Insights |Insolvency

11th April 2022

Boris Becker’s bankruptcy: An unusual case?

On Friday 8th April 2022, former tennis player Boris Becker was found guilty of four charges under the Insolvency Act.

The six-time grand slam winner and 1992 Olympic champion now potentially faces prison time when he is sentenced at the end of this month.

Becker was made bankrupt in June 2017, when he was unable to repay a debt of more than £3 million owed to Arbuthnot Latham & Co, a private bank. He “was legally obliged to disclose all of his assets so that his trustee could distribute available funds to his creditors.”

However, he has now been found guilty of:

  • Removing property worth more than £350,000
  • Failing to disclose ownership of a property in Germany
  • Concealing a bank loan of nearly £700,000
  • Failing to disclose ownership of 75,000 shares in Breaking Data Corp, a tech firm.

Insolvency investigations in the spotlight

Unsurprisingly, the news of Becker’s 2017 bankruptcy and this three-week trial have received a huge amount of mainstream media coverage. The vast amounts of money involved, unique story elements such as Becker’s assertion that he has lost some of his tennis trophies, and the fact he has been a regular commentator and pundit on UK TV coverage of Wimbledon, have made this a classic celebrity ‘fall from grace’ story. The Guardian’s headline on Friday afternoon was ‘Boris Becker: from tennis greatness to financial disaster’.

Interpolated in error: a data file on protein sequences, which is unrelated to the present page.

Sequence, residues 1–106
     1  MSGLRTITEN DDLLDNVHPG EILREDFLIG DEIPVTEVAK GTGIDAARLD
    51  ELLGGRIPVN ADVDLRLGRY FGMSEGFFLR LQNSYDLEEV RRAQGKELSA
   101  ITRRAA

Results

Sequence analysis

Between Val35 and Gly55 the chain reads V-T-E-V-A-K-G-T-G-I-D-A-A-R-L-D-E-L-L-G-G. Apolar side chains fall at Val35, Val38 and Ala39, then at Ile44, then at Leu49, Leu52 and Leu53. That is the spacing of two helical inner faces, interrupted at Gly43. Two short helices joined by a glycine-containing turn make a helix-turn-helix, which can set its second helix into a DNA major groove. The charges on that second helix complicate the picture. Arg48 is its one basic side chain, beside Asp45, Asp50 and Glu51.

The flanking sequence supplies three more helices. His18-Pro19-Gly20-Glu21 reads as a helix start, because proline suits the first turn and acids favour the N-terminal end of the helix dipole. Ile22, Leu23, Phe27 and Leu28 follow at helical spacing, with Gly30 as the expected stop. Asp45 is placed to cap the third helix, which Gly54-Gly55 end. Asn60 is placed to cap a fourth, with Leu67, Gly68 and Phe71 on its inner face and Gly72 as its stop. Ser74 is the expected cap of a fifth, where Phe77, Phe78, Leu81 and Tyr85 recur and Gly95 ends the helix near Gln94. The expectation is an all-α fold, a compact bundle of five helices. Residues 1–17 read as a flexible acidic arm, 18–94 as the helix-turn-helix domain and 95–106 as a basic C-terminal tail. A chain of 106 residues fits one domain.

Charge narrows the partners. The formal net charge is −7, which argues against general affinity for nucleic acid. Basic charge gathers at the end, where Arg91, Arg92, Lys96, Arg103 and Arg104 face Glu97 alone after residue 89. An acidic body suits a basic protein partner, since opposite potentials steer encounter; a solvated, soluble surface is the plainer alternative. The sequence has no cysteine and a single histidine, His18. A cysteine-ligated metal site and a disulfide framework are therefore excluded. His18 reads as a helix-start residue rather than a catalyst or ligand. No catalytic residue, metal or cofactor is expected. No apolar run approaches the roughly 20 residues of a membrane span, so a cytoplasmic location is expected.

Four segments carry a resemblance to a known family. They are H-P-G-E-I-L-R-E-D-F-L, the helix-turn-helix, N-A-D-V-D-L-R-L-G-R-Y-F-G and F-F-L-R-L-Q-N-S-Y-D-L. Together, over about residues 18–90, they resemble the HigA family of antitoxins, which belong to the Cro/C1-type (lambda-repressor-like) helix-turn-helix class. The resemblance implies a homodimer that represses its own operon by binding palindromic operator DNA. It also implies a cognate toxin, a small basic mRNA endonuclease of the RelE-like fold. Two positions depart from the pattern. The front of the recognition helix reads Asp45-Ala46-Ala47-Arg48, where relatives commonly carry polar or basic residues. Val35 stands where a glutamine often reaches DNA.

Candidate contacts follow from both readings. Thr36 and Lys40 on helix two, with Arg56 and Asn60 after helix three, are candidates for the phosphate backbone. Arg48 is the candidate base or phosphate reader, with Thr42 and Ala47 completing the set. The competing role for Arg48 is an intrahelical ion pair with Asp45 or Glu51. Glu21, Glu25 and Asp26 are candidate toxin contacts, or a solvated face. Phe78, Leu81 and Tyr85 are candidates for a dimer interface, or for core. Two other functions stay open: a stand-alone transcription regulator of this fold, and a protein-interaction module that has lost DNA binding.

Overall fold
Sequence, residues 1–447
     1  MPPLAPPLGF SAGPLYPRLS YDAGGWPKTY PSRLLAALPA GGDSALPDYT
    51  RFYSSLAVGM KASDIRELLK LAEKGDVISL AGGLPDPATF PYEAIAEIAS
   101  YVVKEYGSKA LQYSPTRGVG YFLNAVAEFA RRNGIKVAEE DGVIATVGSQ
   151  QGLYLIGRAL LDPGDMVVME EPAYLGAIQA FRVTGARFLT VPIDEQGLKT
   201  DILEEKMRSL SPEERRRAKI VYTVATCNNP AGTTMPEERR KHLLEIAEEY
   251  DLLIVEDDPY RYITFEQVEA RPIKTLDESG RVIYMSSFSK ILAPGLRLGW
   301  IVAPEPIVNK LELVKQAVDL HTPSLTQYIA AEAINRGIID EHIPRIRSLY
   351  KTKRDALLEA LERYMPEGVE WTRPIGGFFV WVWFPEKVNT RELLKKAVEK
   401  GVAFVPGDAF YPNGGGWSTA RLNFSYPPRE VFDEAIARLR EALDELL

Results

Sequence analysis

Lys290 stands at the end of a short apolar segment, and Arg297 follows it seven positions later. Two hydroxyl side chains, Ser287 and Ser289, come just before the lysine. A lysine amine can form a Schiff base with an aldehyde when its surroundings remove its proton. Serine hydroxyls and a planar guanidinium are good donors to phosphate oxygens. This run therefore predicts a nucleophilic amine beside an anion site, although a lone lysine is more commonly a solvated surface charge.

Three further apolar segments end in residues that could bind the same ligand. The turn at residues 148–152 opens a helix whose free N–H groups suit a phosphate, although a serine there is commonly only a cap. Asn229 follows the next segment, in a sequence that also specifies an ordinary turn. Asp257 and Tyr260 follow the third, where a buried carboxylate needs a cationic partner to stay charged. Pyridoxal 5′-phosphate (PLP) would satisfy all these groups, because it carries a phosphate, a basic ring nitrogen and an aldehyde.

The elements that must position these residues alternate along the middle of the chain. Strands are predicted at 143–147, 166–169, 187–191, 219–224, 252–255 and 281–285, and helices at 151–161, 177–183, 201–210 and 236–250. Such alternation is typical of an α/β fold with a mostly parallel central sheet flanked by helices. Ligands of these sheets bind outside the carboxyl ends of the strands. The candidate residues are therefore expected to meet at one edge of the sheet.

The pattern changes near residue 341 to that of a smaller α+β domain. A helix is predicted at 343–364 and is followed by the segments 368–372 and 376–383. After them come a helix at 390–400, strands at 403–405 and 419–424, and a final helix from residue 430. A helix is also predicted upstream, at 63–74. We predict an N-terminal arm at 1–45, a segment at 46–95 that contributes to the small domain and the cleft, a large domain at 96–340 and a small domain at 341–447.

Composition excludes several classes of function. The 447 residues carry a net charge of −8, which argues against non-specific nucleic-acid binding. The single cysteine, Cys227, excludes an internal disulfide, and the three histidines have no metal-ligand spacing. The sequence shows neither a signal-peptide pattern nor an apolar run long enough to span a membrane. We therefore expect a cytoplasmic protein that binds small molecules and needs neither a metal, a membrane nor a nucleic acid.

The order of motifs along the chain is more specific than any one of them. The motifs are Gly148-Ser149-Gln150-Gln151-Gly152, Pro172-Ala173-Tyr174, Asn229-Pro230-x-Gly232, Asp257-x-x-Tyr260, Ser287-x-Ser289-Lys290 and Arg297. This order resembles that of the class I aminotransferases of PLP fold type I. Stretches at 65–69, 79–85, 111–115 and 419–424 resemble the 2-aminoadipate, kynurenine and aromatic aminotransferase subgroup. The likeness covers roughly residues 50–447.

From an insolvency investigator’s point of view, this has been a rare occasion where the work we are involved in day-to-day has been outlined for the public in so much detail.

The tangled network of six-figure loans, payments to friends and family, multiple companies, worldwide properties, and discussions about unusual movable assets may appear to be peculiar to this extravagant celebrity’s case. But it isn’t.

We often work on cases like Becker’s, with individuals and companies spinning complex webs of transactions and layers of companies to hide their wealth.

This can make a successful prosecution hard (but not impossible) to achieve. The key, as with all legal cases, is finding the evidence.

This process is known as intelligence gathering and is the basis of asset tracing. As investigators, by conducting thorough forensic research and using techniques such as surveillance, we identify assets such as property, vehicles and valuables owned by the subjects or purchased by the subjects for their family members and close associates.

Proof of ownership or of a beneficial interest in an asset is crucial, as, in most cases, the end goal is to recover assets to settle a debt or as part of litigation. Obtaining proof is not always easy, as assets can be moved from one entity and jurisdiction to another, but there is usually an audit trail that we can follow.

What next for Becker?

Becker, 54, was on trial at Southwark Crown Court, prosecuted by the Insolvency Service on 24 charges. While he was acquitted of 20 of those charges, he was found guilty of concealing, removing and (on two counts) failing to disclose assets.

He was released on bail with sentencing due to take place on 29th April. Each count carries a maximum prison sentence of seven years.

Becker is already subject to a 12-year Bankruptcy Restriction Undertaking until 2031 and his discharge from bankruptcy has been suspended indefinitely.

ESA Risk asset trace investigations

To instruct us on an investigation or for more information on our asset tracing services, contact Mike Wright, Risk Management & Investigations Consultant at, on +44 (0)843 515 8686 or via our contact form.



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